These six young entrepreneurs will lead Africa's conversation on the Fourth Industrial Revolution

These selected entrepreneurs have shown success in areas like renewable energy, urban farming, FinTech and AgTech and operate companies considered to be less than three years old.

Fourth Industrial Revolution

The selected entrepreneurs have shown success in areas like renewable energy, urban farming, FinTech and Ag Tech and operate companies considered to be less than three years old, with at least one year of revenue and innovative technology or business model operations.

The selected entrepreneurs are:

Oluwayimika Angel Adelaja, Fresh Direct Nigeria (Nigeria)

Fresh Direct Nigeria has pioneered stackable container farms – helping urban populations gain access to high-quality produce, reduce stress on land use and reduce the need to import vegetables. The company says its organic urban farms use less water and land than conventional farming while producing a 15 times-higher yield.

Temie Giwa-Tubosun, LifeBank (Nigeria): LifeBank is deploying the latest in digital supply chain thinking to deliver blood and other high-value medical products to hospitals and health centres using predictive modelling to ensure health workers get the life-saving inputs they need before they even arrive at the hospital. Launched in January 2016, LifeBank plans a rapid expansion into major cities across Africa.

Esther Karwera, Akorion (Uganda)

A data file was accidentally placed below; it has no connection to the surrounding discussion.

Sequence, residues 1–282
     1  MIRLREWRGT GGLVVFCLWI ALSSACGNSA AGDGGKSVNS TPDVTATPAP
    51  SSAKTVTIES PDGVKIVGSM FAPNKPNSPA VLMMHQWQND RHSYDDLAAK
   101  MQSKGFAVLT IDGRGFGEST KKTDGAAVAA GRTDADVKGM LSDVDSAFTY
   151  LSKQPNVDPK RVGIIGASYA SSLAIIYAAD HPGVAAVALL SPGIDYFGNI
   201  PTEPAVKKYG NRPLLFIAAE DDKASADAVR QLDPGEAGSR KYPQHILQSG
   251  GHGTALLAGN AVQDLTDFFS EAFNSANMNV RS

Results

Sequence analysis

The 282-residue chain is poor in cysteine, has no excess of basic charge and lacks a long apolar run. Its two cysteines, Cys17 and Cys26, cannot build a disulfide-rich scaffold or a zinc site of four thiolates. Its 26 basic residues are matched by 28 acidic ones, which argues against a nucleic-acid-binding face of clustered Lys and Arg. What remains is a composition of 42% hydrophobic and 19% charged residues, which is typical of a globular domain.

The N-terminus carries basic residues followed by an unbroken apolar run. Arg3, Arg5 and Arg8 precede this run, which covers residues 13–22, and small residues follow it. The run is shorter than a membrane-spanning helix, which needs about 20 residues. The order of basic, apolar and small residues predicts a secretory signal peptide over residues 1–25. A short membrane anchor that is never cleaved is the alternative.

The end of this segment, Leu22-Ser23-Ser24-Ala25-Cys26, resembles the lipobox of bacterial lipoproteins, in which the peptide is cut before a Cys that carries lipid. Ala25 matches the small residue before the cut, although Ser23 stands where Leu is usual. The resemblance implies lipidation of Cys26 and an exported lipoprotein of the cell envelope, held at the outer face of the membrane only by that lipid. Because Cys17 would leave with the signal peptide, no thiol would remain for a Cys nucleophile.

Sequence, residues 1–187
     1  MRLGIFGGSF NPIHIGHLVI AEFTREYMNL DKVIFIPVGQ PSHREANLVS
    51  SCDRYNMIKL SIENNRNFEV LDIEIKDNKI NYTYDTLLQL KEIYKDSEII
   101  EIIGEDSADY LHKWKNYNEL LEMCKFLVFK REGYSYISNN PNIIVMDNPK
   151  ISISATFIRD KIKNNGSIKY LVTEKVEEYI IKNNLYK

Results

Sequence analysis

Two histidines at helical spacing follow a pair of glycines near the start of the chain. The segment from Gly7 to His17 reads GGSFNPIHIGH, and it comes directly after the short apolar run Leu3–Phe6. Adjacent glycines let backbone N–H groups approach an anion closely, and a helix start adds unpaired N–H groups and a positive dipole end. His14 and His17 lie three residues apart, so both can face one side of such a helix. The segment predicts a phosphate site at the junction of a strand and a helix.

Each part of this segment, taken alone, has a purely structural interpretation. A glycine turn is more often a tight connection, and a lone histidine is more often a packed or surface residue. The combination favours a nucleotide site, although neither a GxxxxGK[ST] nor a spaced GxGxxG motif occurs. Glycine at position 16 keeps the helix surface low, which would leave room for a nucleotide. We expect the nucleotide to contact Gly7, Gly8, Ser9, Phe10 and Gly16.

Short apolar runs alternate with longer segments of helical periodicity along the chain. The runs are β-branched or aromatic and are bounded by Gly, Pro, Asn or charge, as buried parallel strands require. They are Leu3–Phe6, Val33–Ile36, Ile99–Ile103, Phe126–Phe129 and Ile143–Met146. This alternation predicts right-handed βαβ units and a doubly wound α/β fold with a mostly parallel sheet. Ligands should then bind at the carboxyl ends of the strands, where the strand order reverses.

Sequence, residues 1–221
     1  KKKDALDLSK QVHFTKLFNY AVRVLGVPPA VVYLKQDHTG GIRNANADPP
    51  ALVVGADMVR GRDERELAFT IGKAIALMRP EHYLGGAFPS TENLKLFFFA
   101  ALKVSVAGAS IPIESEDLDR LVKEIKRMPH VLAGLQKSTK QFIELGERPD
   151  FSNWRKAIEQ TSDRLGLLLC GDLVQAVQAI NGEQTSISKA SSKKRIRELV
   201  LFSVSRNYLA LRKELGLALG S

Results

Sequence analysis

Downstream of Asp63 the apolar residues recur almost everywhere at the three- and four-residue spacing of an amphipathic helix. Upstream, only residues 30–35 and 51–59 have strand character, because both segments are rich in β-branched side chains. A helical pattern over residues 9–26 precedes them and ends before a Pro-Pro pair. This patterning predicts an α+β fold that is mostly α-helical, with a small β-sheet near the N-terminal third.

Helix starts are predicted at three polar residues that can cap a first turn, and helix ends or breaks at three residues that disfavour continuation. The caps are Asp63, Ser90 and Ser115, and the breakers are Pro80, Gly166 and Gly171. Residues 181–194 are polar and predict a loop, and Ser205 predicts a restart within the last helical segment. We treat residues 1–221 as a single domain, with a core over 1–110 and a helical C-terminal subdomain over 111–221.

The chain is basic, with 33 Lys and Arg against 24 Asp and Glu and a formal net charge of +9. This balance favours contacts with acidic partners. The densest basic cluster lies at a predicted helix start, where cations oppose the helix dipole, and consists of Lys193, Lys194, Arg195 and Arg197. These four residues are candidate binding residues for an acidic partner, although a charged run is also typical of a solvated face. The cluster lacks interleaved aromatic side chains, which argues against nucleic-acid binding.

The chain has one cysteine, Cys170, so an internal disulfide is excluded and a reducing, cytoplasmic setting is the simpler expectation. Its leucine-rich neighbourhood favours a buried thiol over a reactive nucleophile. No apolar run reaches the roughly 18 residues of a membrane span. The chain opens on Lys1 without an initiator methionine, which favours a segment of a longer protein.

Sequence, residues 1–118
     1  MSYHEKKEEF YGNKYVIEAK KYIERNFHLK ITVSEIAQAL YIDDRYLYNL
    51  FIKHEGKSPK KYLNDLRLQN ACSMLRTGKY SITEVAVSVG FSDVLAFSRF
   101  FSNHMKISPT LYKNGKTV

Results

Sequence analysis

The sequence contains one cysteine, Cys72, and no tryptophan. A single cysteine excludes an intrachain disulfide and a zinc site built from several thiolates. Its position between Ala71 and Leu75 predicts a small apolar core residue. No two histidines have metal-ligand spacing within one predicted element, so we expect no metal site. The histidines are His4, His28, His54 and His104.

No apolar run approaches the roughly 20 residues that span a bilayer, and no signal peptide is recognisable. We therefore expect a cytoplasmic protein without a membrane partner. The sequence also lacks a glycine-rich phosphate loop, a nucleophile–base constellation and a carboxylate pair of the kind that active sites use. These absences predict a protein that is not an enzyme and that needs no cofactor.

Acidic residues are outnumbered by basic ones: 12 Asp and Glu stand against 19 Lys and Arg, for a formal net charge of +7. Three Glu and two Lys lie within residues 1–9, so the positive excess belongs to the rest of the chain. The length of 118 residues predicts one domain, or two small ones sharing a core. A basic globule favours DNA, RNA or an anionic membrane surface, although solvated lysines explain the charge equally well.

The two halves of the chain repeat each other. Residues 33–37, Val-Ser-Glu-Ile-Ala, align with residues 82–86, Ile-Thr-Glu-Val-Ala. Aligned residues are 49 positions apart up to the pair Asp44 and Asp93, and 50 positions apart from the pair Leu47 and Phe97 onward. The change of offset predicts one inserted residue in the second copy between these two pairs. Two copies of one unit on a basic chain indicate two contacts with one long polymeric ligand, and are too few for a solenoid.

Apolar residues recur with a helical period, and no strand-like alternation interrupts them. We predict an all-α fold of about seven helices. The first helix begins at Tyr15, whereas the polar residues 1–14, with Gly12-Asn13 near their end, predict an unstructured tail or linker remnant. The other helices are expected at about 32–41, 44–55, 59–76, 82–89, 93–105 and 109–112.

Akorion has developed software that integrates smallholder farmers into digital value chains, helping them sell directly to agribusinesses. Since launching in 2015, it has developed a network of 42,000 farmers in Uganda. The company’s growth is supported by a network of village-based service providers – mainly young people, helping to address youth unemployment challenges in rural areas.

Darlene Menzies, FinFind (South Africa)

FinFind aims to remove a major bottleneck to Africa’s growth: helping SMEs and start-ups secure financing. By explaining and aggregating all sources of SME finance, the company has been able to improve entrepreneurs’ access to vital capital and help lenders identify a pipeline of quality loan leads.

Aisha Pandor, SweepSouth (South Africa)

SweepSouth has created employment opportunities for 3,000 domestic cleaners since it was founded in June 2014. The Cape Town-based business, which is backed by Silicon Valley venture capital, employs sophisticated algorithms to match its customers and “SweepStars”, creating flexible working opportunities and helping elevate the status of cleaners in South African society.

Charity Wanjiku, Strauss Energy Ltd. (Kenya)

Strauss Energy’s proprietary solar roofing tiles are able to undercut conventional solar tiles by 30%. Having started with the domestic market, the company is looking to scale up the technology and recently completed a pilot project at a secondary school where it was able to cut the power bill by 30%, ensure the uninterrupted teaching of vital IT skills and provide students with captured fresh rainwater for the school’s vegetable garden.

*This article was written with additional information from the World Economic Forum

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